Misami paused for a moment and said “I don’t get humans. They’re complicated, nuanced and illogical. That’s why I love mathematics and science. There’s one right answer and only one right answer, and if it isn’t correct, you can figure out exactly what you did wrong. People aren’t like that, there’s so many variables.” She explained

“Well, step one is to stop looking at people like experiments. Let’s start with that.” Niro sniggered.

Misami laughed back with him. “Noted. But besides that… You’re really easy to talk to. I’m not sure what it is, but… I connect with you in a way that I never have with any other person.” She admitted. “And yes, the sex is nice. Even though I’m sorry for being so bad at it.”

“You’re the furthest thing from bad at it… Surprisingly.” Niro reassured her, reaching across for the glass of beer. The pale brown drink had lost most of its carbonation, but he gulped down a fair bit of it. He resettled himself next to her in the bed and looked down at his partner, sweeping a bit of hair gently out of her eyes.

“You look concerned Taka.” She said

“Well, it’s just… I saw your bedroll under your desk at work. Are you sleeping in your office?” he asked her with a troubled tone in his voice.

“I mean, yeah. Once in a great while.” Misami answered

“Auro-san, I’ve seen your time logs. You’re working almost 100 hours most weeks. That’s not healthy.”

“I’m fine Niro, just drop it.” She replied defensively

“Remember what happened last time you did that?” he reminded her

“…I helped invent a neural implant that decreased the effects of degenerative mental illnesses like Alzheimer’s and dementia by up to 70 percent?”

“Yes, but you always do this. Anytime something happens in your personal life, you bury yourself in your work and try to forget about it.” Niro said. He paused to take another sip of his beer. “I know this is hypocritical of me to say because I up and left back to Japan when Haruka died, but it doesn’t make what I’m saying any less true.”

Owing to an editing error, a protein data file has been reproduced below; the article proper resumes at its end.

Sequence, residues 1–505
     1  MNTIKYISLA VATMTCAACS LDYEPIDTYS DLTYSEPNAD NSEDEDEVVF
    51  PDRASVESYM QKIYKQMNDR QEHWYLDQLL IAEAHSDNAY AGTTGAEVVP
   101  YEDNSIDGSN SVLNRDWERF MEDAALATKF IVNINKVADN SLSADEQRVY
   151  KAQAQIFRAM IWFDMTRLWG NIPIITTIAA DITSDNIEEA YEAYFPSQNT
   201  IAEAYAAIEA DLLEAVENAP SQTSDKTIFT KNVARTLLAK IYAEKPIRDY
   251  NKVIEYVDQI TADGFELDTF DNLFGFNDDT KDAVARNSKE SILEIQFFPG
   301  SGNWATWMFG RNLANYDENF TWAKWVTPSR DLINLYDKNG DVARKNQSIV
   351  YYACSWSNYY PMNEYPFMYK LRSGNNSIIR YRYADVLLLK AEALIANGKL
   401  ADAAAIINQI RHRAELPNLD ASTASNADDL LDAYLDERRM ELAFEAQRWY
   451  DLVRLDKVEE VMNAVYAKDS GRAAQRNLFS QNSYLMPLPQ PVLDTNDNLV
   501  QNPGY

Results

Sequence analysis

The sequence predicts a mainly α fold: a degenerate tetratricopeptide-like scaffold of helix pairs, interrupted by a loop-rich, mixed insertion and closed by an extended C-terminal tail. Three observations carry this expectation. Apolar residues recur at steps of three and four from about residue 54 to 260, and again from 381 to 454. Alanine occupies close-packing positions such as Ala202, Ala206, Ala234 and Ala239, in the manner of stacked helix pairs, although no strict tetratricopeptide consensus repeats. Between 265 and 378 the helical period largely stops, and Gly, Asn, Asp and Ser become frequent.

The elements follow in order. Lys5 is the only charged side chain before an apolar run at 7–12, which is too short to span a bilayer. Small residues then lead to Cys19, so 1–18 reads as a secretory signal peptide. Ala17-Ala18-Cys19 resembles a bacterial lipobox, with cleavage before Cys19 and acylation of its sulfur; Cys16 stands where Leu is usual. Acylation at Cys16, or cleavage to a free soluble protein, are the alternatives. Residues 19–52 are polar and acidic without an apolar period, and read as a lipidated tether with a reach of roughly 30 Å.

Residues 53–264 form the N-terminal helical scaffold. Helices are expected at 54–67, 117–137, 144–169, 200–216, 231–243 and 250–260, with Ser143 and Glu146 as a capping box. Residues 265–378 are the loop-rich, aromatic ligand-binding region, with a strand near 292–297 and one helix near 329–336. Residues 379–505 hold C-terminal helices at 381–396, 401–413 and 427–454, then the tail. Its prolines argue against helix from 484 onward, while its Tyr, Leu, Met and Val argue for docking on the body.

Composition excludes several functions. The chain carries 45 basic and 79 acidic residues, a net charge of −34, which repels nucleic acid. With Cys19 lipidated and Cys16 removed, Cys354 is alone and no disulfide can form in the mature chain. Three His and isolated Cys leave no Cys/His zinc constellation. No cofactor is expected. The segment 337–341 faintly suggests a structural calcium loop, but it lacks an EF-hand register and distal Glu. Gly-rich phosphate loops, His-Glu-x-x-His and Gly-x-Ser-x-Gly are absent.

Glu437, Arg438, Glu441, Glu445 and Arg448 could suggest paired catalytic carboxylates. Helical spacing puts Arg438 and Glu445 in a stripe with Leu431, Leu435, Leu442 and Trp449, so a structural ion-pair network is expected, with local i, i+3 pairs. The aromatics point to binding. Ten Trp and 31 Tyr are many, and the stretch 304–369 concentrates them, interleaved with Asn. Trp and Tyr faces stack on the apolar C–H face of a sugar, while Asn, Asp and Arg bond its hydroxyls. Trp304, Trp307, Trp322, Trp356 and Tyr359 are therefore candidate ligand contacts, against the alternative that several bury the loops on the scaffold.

Misami sighed and took her hand away from his so she could fold it over her stomach.

“I hate how you always act like I didn’t know Haruka existed.  She wasn’t just your sister she was my friend too, you know.”

“I know Auro. I’m sorry. All I’m saying is that you should take a few weeks off. I have a summer home in San Francisco. We should go there and we can just relax together for a while.” Niro offered.

“I can’t take a vacation now. We’re so fucking close to cracking this; I can feel it.” Auro replied passionately.

“I admire your ambition and commitment to your work Misami, just don’t burn yourself out again.” He said, tracing the lines on her tattoo. She pulled her hand away quickly. Niro stood up and took the covers off of himself. He grabbed his clothes off the floor and put them back on quickly.

“I’m gonna go back to my hotel room. I have some financial junk to finish up on. I’ll see you tomorrow at work.” He stated, pulling his jacket over his broad shoulders. “We’re all going out to celebrate the big bullet train contract tomorrow night. You should stop by.”

“Absolutely not.” Misami replied quickly and definitively.

“I’ll take you out for chicken katsu and ramen afterwards.” Niro tempted her.

“Ugh, fine. I’ll think about it. No guarantees.” She responded

“Alright. I’ll catch you tomorrow. It was nice seeing you again Misami.” He smiled, placing his sunglasses on his head coolly.

“It was nice seeing you too Niro.” Misami replied, mirroring his emotions. He left out the front door, closing it gently behind him. As soon as he left, Auro got up, put her bed clothes on and began cleaning up the apartment.